p. 257.

different companies, these neologisms in their English idiom.' pp. 255–6.

' At the time of Napoleon's return from Moscow, after the first burst of their indignation had subsided, one of the amusements of society was inventing or imagining caricatures, which no one dared to trace, but which were described in company as if they really existed. I remember one represented the entry of the French army at Moscow. They were seen advancing towards the gate, which was thrown open, and where stood a Cossack to give them admission, as if it had been the door of a spectacle. The Cossack had a label on his breast, on which was written, “ Entrez, entrez, Messieurs-on ne payera qu'en sortant.

There is a choice morceau at page 281, for craniologists, A celebrated physiologist, who, like Lord Burleigh in “ The Critic,” used to shake his head and say nothing, when any new enormity of the Emperor became the subject of conversation, told Miss Williams, that when he saw Bonaparte ten years before in Italy, he augured ill of his destiny.-- His head

partakes,' he said, too much of the organization of the • tiger and the peacock; it is cruel and climbing.'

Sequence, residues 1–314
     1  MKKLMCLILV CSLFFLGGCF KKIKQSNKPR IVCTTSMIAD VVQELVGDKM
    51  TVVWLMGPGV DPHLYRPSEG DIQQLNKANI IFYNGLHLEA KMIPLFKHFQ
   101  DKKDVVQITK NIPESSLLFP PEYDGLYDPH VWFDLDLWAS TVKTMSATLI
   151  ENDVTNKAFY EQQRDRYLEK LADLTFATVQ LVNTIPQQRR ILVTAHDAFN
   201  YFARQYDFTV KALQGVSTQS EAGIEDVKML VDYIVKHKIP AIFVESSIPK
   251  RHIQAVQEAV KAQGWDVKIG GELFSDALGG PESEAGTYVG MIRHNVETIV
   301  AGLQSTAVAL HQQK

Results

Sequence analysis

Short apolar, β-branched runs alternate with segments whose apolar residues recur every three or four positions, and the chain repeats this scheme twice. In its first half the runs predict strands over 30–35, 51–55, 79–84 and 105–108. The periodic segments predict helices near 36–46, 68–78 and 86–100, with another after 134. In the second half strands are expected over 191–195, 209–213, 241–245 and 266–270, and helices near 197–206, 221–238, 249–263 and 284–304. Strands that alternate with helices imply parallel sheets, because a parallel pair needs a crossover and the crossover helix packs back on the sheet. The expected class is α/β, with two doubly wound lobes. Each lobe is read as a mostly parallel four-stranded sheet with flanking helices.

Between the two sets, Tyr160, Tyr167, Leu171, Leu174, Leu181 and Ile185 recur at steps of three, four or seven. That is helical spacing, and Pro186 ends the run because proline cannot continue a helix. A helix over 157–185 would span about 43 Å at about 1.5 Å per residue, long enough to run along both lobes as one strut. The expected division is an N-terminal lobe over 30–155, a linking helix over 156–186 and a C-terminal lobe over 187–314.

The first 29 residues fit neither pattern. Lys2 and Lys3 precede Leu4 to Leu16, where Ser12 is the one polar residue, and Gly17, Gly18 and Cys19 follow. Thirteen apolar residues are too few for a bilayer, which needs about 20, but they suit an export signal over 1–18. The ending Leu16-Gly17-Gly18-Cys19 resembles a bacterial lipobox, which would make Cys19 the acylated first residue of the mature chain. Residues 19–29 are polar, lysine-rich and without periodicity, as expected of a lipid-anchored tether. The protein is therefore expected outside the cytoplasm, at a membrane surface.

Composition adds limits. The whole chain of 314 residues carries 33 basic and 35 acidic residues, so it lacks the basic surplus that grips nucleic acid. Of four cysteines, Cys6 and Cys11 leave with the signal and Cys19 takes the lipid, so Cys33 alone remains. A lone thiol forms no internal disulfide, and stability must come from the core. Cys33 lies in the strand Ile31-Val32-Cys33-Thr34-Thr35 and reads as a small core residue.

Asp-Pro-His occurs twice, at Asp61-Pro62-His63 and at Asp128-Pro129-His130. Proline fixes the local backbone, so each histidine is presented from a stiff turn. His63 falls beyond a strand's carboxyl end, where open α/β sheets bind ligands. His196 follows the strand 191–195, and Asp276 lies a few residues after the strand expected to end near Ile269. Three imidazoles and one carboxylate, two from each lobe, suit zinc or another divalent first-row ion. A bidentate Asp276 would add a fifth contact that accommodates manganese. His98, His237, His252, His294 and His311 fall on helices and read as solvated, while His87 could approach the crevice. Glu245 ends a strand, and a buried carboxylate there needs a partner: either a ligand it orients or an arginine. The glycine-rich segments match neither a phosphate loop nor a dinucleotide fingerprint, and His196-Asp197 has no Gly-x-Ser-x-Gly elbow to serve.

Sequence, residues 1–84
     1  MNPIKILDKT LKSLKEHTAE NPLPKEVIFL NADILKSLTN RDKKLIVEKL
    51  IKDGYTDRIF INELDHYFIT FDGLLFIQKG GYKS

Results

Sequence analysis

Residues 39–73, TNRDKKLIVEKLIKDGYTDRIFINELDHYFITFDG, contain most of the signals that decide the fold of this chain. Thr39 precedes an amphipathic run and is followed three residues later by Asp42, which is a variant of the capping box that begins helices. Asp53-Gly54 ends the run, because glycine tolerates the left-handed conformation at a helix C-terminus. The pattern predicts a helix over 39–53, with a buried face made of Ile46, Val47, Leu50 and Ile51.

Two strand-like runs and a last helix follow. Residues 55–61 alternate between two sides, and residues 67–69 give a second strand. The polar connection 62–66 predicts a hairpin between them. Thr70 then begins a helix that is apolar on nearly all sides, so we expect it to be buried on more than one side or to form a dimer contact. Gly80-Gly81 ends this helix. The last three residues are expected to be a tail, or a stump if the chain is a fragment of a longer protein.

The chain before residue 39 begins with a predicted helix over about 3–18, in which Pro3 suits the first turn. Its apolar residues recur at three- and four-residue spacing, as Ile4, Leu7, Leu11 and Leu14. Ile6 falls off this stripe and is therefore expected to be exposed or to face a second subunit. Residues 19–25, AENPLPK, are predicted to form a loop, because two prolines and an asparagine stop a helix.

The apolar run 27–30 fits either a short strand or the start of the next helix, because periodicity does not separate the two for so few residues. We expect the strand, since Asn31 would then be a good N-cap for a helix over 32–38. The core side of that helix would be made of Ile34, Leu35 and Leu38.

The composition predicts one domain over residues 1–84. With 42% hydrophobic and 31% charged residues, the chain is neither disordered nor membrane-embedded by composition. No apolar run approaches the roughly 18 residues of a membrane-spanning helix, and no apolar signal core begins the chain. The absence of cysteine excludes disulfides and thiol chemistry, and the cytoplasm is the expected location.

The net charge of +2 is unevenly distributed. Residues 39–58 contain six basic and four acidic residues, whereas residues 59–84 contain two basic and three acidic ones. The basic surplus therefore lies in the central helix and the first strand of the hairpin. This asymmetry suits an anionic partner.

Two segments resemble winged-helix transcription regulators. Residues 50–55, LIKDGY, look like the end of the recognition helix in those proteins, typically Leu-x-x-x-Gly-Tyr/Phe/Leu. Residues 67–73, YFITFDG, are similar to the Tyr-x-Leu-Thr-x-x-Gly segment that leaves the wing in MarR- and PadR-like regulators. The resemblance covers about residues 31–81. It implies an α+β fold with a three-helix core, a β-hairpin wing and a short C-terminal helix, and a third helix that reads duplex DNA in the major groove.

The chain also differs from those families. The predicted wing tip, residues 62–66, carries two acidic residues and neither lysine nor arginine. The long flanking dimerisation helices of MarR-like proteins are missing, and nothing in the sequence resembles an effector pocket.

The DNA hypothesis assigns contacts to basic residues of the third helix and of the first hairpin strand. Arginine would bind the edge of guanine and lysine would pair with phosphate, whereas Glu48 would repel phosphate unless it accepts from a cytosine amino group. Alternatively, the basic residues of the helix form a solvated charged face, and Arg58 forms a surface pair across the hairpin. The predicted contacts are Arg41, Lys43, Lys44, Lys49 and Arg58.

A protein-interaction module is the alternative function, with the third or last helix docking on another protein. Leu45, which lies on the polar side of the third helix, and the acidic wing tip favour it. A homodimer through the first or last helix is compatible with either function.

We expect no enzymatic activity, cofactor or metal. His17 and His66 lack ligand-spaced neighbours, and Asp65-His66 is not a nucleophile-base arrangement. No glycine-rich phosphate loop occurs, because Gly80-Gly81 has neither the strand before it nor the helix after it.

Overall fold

Our Author ridicules the idea that Napoleon's abolition of the Slave Trade originated in a sense of humanity,—' a com

pact of philanthropy between Napoleon Bonaparte, Wilber"force, and Clarkson ! She attributes this measure to the politic desire of making himself popular with the people of England. But one of the most important passages in the volume, relates to that sole point in Bonaparte's policy, which exhibits him to apparent advantage, in contrast with the Bourbons. It were an impressive inference could it be considered as altogether a just one, that the policy of an infidel despot is wiser, and in some respects more beneficial, than the principles of popery.

• Bonaparte had signalized himself as a warrior, but he did not too highly deem of descending to posterity with military fame alone. He had observed that nothing of the most celebrated destroyers of mankind, called warriors, exists but their names; while its great institutors are not merely held in remembrance, but continue to live in their disciples ;-all that remained of Alexander, of Cæsar, of Charles XII. was their names; but the laws instituted more than four thousand years since by Moses, were yet obeyed throughout the world, by the numerous and disseminated posterity of his race;- that Zoroaster and Mahomet had subdued, by their principles, a great portion of the earth, and that their names are still invoked with veneration by innumerable followers; while the heroes of Greece and Rome fade on the memory; that, in modern times, Luther and Calvin had given their names to the most enlightened portion of the people of Europe ; and that he also, Napoleon the Great, by seizing some favourable epocha for a new